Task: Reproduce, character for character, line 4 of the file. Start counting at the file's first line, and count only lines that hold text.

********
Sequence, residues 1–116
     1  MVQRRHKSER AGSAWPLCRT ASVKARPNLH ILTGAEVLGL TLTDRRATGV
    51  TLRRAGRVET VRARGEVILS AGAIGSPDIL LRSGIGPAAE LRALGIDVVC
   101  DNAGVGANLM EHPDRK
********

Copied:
   101  DNAGVGANLM EHPDRK